Editor’s note: This story has been translated into Chinese.
There are currently an estimated 4.5 billion people around the world exposed to levels of particulate air pollution that are at least twice what the World Health Organization considers safe. Yet the impact of sustained exposure to pollution on a person’s life expectancy has largely remained a vexingly unanswered question—until now.
A study published Sept. 11 in the Proceedings of the National Academy of Sciences finds that a Chinese policy is unintentionally causing people in northern China to live 3.1 years less than people in the south, due to air pollution concentrations that are 46 percent higher. These findings imply that every additional 10 micrograms per cubic meter of particulate matter pollution reduces life expectancy by 0.6 years. The elevated mortality is entirely due to an increase in cardiorespiratory deaths, indicating that air pollution is the cause of reduced life expectancies to the north.
“These results greatly strengthen the case that long-term exposure to particulates air pollution causes substantial reductions in life expectancy. They indicate that particulates are the greatest current environmental risk to human health, with the impact on life expectancy in many parts of the world similar to the effects of every man, woman and child smoking cigarettes for several decades,” said study co-author Michael Greenstone, director of the Energy Policy Institute at the University of Chicago and the Milton Friedman Professor in Economics, the College and the Harris School. “The histories of the United States, parts of Europe, Japan and a handful of other countries teach us that air pollution can be reduced, but it requires robust policy and enforcement.”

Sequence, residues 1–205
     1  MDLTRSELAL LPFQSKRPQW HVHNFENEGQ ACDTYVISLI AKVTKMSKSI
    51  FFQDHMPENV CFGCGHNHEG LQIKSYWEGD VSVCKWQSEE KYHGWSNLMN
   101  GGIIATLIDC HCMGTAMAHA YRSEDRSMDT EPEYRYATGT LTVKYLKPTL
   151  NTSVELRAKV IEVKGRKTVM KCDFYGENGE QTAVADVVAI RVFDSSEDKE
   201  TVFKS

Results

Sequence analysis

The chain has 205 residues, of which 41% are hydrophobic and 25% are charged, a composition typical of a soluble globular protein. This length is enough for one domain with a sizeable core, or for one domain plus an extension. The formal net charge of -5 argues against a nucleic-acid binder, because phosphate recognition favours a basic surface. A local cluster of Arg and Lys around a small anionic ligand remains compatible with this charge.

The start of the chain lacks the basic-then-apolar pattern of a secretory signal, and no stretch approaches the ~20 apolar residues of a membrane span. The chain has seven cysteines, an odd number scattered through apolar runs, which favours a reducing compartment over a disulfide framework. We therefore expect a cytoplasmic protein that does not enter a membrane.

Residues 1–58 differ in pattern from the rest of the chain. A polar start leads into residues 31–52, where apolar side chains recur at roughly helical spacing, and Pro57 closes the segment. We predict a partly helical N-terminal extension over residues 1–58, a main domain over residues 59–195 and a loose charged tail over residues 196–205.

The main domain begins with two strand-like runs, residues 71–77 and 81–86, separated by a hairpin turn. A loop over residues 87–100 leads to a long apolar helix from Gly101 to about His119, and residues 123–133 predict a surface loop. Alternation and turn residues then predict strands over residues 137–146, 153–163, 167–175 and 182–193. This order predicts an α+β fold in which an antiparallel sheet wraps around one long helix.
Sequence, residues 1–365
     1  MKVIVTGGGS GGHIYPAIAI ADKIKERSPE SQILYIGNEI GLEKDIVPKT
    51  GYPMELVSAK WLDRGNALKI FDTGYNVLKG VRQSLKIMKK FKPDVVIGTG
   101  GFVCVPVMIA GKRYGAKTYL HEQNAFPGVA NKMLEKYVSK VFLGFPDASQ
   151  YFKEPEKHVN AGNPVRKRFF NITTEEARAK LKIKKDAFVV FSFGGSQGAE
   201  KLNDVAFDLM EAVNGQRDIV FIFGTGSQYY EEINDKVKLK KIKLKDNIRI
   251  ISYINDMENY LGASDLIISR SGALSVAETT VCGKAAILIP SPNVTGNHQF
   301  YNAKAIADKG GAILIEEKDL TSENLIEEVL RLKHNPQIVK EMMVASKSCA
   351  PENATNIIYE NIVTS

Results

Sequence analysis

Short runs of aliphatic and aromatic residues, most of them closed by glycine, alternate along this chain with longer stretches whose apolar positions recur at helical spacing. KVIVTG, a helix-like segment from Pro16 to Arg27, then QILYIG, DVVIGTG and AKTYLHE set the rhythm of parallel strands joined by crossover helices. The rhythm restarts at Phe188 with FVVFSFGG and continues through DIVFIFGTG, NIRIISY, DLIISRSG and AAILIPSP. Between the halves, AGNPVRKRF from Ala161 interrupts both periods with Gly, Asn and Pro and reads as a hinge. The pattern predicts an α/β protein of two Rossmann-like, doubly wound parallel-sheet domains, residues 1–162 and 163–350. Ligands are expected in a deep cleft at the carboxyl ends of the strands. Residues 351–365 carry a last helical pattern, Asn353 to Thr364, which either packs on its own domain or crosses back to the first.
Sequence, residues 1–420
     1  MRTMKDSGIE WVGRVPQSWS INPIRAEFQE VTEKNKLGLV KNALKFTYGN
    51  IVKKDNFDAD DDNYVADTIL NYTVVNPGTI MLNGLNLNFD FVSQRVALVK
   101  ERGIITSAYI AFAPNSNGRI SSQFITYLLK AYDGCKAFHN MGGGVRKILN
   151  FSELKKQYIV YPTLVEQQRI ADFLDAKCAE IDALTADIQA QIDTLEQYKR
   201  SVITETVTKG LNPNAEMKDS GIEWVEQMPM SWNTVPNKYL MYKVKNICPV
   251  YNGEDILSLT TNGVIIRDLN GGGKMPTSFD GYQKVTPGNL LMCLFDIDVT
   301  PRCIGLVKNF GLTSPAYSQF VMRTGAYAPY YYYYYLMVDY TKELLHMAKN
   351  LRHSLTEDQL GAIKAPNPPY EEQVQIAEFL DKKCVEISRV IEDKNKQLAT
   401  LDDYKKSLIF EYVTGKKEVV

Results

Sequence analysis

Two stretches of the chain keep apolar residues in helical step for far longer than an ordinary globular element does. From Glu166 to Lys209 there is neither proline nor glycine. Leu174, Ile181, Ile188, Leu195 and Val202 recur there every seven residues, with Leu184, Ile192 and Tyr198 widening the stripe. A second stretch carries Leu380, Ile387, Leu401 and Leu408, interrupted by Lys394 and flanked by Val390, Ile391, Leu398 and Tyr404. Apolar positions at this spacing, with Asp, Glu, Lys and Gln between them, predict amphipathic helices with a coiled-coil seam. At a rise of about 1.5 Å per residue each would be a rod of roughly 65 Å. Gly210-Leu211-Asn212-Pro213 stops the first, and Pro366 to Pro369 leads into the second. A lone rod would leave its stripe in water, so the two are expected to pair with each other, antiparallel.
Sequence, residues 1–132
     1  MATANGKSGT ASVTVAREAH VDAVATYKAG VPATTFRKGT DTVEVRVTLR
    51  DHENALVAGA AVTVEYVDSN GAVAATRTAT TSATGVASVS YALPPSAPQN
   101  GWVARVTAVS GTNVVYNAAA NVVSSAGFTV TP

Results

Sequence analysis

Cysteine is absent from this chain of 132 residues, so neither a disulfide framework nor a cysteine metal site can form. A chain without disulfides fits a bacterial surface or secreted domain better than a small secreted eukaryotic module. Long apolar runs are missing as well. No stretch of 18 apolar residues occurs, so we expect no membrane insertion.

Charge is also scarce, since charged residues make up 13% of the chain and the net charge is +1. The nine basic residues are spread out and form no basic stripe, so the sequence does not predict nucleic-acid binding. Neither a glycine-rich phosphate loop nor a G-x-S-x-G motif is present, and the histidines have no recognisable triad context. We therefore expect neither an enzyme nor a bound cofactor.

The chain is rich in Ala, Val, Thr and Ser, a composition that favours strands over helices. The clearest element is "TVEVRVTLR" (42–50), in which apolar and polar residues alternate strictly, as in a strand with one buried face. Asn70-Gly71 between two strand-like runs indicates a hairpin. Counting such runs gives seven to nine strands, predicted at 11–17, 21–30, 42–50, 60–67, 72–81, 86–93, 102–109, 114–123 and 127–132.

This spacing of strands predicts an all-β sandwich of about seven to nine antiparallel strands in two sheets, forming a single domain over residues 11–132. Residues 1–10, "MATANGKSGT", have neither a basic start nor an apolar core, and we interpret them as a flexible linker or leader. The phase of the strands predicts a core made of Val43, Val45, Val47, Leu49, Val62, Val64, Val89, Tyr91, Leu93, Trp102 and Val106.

The study exploits China’s Huai River policy, which provided free coal to power boilers for winter heating to people living north of the river and provided almost no resources toward heating south of the river. The policy’s partial provision of heating was implemented because China did not have enough resources to provide free coal nationwide. Additionally, since migration was greatly restricted, people exposed to pollution were generally not able to migrate to less polluted areas. Together, the discrete change in policy at the river’s edge and the migration restrictions provide the basis for a powerful natural experiment that offers an opportunity to isolate the impact of sustained exposure to particulates air pollution from other factors that affect health.
“Unveiling this important information helps build the case for policies that ultimately serve to improve the lives of the Chinese people and the lives of those globally who suffer from high levels of air pollution,” said study co-author Maigeng Zhou, deputy director of the National Center for Chronic and Noncommunicable Disease Control and Prevention in the Chinese Center for Disease Control and Prevention.